Key messages about viral haemorrhagic fevers
A number of diseases are included under the heading “viral haemorrhagic fevers” (VHFs), with differences in type of virus, geographical distribution, incidence, reservoir, way of transmission and clinical symptoms.
The common denominator is the possible emergence of a disease with general bleedings – often leading to death.
Another common feature is the potential risk to close contacts, which such patients might pose and to health and laboratory personnel until a firm diagnosis is established.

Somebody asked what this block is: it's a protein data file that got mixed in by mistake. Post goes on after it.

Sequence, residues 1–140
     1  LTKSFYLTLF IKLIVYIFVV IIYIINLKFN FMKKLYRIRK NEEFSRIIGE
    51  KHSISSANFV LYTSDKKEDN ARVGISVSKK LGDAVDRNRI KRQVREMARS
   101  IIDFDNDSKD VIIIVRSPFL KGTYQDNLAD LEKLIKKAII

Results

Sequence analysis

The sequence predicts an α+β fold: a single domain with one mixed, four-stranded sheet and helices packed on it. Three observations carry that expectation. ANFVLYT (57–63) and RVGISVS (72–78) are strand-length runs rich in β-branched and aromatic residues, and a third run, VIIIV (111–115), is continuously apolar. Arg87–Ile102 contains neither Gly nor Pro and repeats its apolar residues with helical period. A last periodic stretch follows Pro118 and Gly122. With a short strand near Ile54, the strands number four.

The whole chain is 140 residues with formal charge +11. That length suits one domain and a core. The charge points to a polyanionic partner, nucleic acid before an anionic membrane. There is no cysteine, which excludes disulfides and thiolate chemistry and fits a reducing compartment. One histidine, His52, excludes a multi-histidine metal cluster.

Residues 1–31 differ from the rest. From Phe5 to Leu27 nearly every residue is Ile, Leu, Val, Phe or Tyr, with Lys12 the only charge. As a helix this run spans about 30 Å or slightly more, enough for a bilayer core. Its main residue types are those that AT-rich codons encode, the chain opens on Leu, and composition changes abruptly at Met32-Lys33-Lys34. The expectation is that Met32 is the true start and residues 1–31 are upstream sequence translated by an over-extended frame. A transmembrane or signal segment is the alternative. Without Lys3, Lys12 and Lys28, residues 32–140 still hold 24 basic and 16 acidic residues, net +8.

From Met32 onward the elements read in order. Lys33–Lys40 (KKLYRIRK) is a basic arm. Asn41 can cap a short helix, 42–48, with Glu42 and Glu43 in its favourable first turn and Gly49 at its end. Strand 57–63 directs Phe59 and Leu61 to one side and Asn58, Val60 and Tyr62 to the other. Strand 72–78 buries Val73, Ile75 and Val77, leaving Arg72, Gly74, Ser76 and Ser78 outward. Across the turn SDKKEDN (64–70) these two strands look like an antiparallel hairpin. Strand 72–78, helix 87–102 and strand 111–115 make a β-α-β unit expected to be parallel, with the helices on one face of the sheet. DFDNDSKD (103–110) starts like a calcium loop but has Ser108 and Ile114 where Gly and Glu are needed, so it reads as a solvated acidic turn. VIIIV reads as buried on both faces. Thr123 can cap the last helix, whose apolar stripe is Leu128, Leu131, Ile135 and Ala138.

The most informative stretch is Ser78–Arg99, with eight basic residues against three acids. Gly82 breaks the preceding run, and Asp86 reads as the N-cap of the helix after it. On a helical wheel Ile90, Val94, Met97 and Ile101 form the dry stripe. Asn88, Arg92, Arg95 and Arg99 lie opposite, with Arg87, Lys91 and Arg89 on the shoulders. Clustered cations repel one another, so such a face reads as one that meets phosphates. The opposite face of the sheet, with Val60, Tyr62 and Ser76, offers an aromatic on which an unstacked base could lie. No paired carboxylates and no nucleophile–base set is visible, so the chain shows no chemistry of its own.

Fortunately most of these viruses do not transmit easily (with the exception of yellow fever virus and Dengue virus which are spread through infected mosquitoes).
Present in Europe are Puumula and Dobrava VHF, also called ‘epidemic nephropathy’ (transmitted through direct/indirect exposure to infected rodents) and Crimean-Congo VHF (transmitted through tick bites).
Others, are mainly seen as imported infections, such as Lassa fever (transmitted by rodents), yellow fever, dengue haemorrhagic fever (transmitted through mosquito bites), and Marburg fever (monkey associated).